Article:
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By James Whittington, Saturday 15th September 2018
Amazonia: The Catherine Miles Story 88 Films Certificate 18
Known around the world under several different titles such as White Slave, Cannibal Holocaust II, Blonde Captive and Forest Slave, Amazonia: The Catherine Miles Story was one of the last hurrahs of the Italian Cannibal movie genre. Like most gut-munchers it claims to be based on fact, but the real fact here is that its more melodrama then splatter movie. This isn't a bad thing at all.
Amazonia: The Catherine Miles Story tells the story of a western blonde (Elvire Audrey) who is captured, stripped and tormented by a group of jungle head-hunters. Can she escape from this tribe or will she learn more about life than she could ever have imagined?
Though the main titles contain a lush, European-style theme which gives way to a courtroom sequence and backstory where we witness a couple being ambushed by very unpleasant Amazonian head-hunters and then decapitated. Their daughter is taken captive and has to think quickly if she is to escape this nightmare. The film then settles into a story of survival, love, and revenge rather than just endless pieces of half-eaten entrails and exposed guts being passed around the local cannibal camp.
Though she is dubbed, Elvire Audray does give a haunting performance even when half naked, which she is most of the time. Dick Campbell finally gets to be the hard-chinned hero he always wanted to play with the bonus that he dubbed his own voice for once. Mario Gariazzo, directing under the name of Roy Garret, allows a lot of the bold images do the talking rather than punctuating it with needless or inane dialogue. It is gory and is violent but not to the extreme limits of other cannibal movies.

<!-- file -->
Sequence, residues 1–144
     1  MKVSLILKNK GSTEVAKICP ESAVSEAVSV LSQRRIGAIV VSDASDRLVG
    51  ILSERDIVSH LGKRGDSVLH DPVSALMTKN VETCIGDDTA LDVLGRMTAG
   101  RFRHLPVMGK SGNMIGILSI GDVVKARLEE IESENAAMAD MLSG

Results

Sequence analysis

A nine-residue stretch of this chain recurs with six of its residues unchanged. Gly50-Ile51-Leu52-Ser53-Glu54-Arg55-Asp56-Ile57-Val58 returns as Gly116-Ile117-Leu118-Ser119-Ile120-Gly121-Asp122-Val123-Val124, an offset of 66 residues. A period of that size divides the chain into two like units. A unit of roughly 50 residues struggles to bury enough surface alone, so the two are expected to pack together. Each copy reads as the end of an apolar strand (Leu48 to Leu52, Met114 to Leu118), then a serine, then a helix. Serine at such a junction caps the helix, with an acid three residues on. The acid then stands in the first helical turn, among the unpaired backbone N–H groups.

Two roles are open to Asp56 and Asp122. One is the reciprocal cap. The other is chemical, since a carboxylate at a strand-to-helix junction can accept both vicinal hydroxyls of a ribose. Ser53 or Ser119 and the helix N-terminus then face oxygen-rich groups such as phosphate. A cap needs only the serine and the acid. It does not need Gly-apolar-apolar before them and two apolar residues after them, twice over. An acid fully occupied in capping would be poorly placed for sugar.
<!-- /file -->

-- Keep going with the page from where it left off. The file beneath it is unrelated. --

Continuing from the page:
The image is sharp, and colourful with plenty of detail during the jungle sequences. It shows some grain in places but that will due to the stock it was shot on. The mono soundtracks are also nice and clear but the Italian one is the one to use as the dubbing on the English track is a tad dodgy in places.
As this is an 88 Films Italian series release you can be sure that it comes with some very worthy extras including the superb documentary, The Last Supper: The Final Days of the Italian Cannibal Film This follow-up to the award winning Eaten Alive! The Rise And Fall of the Italian Cannibal Film includes interviews with actor Michael Sopkiw (Massacre In Dinosaur Valley), directors Ed Sanchez (The Blair Witch Project) and Ruggero Deodato (Cut and Run), academics Mikel Koven and Calum Waddell and author and critic John Martin. There's also an interview with Cameraman Federico Del Zoppo, a collector's booklet on the life and times of Amazonia actress Elvire Audray and the original theatrical trailer.
Though not in the same grimy league of the grindhouse cannibal efforts that had been released before, Amazonia: The Catherine Miles Story is a solid movie that tried to take the genre in a different, more audience friendly (meaning there's no animal cruelty) direction and is all the better for it.
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